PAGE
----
The Culture of Choice

Choosing is an art, and it is shaped by our culture much more than we realize. When researching the way Americans choose, as compared to the way people from other nations choose, the contrasts are quite revealing! Here is a short list of How we Like to Choose (as Americans). The contrast with other preferences shows us how easy it will be to experience misunderstanding when functioning in multicultural contexts. I highly recommend the Ted Global 2010 presentation by Sheena Iyengar (see below), but here’s the short list of decision-making preferences, from the American cultural point of view:

  1. It is best to make your OWN, individual choices
  2. More options = better choices
  3. You must NEVER say “no” to choice!

It’s time to take a critical look at these assumptions, and to ask some fresh questions about them.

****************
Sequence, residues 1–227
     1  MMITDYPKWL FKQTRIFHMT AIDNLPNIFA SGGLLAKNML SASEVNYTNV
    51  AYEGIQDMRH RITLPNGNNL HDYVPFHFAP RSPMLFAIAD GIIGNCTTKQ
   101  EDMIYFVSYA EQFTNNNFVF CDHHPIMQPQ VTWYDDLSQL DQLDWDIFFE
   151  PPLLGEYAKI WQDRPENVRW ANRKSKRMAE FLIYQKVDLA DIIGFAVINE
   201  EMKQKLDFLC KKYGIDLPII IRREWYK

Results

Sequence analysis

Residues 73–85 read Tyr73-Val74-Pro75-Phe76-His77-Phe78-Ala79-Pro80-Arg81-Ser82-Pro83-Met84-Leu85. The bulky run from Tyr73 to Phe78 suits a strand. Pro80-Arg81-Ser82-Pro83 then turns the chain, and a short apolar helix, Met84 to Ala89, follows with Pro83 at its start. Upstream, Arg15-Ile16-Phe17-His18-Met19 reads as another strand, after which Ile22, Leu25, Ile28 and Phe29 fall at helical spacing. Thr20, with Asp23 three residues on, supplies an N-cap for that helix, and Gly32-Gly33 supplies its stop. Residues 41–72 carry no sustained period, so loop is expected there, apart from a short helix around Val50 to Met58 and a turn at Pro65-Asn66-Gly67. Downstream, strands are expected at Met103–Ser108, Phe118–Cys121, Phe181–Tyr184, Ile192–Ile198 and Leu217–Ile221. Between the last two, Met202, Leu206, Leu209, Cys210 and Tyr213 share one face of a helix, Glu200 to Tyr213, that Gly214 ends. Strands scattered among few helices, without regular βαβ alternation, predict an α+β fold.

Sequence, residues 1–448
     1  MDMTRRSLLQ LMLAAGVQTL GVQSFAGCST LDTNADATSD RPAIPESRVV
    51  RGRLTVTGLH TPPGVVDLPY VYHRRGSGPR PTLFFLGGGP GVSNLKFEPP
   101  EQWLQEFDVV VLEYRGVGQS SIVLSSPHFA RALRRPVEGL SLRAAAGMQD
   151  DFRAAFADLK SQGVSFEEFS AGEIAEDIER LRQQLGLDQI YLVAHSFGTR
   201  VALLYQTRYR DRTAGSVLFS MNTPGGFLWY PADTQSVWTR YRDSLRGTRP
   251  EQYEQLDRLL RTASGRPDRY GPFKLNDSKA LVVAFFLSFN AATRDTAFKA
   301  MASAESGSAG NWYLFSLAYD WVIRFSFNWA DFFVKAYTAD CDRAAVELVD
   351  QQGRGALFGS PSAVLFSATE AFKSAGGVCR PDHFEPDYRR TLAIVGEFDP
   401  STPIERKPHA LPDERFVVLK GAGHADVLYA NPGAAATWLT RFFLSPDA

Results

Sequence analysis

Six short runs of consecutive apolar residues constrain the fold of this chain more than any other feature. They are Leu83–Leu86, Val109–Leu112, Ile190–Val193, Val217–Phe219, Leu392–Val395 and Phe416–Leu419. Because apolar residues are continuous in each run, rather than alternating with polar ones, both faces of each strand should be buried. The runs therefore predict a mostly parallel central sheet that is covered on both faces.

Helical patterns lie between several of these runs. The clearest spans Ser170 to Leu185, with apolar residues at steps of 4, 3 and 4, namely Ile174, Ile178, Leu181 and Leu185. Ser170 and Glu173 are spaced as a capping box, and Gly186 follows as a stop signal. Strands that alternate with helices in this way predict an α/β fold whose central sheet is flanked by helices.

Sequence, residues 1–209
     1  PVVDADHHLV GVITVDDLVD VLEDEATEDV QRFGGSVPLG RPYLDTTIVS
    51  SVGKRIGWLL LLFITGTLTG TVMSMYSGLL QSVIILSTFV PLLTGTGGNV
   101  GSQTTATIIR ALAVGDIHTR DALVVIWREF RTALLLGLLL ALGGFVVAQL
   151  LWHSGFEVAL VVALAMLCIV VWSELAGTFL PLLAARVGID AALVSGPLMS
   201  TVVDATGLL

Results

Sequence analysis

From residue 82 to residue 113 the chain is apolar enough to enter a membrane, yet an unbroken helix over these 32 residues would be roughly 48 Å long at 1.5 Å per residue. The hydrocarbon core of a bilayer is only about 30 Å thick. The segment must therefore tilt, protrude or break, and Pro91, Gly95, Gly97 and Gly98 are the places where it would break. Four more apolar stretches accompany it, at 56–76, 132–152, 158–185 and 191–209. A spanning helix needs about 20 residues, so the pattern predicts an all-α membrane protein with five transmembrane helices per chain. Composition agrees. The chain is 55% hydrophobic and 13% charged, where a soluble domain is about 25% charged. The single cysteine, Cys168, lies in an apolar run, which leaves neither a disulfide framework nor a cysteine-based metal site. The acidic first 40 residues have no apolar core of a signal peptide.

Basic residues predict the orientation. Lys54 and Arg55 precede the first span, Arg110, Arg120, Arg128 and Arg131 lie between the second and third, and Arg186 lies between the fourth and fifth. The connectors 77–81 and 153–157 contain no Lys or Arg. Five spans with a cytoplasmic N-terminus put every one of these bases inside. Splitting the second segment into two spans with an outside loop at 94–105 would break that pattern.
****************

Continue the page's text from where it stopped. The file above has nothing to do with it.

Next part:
Choosing, and the Culture of Choicesheena iyengar the culture of choice

The entire “American Dream” is built on the assumption that limitless freedom to choose, and limitless options to choose from, promises enduring success and fulfillment. But when you look at that “American Dream” a bit more closely, you’ll begin to see the holes; holes that people from different cultures tend to see much more readily (even if it’s tough for them to define exactly what ‘holes’ they are seeing). Sheena Iyengar does a fantastic job of helping Americans actually understand (at least partially) the reasonableness of OTHER WAYS OF SEEING. But remember, you don’t usually have a Sheena walking around with you, explaining the world to you. Unless we are, as a matter of discipline, being intentionally cross-culturally aware, we can be almost CERTAIN that we will misinterpret what’s going on around us. We are pretty much FORCED (when just going “on our gut”) to read the behaviors around us through the lenses that we’ve inherited from our own cultural pressures. We’re naturally (innocently?) unaware of these lenses, and think we’re just “being objective”. But we rarely are!

If you’ve got 20 minutes, enjoy this excellent presentation by Sheena Iyengar (over 2 million people have found it worth watching!).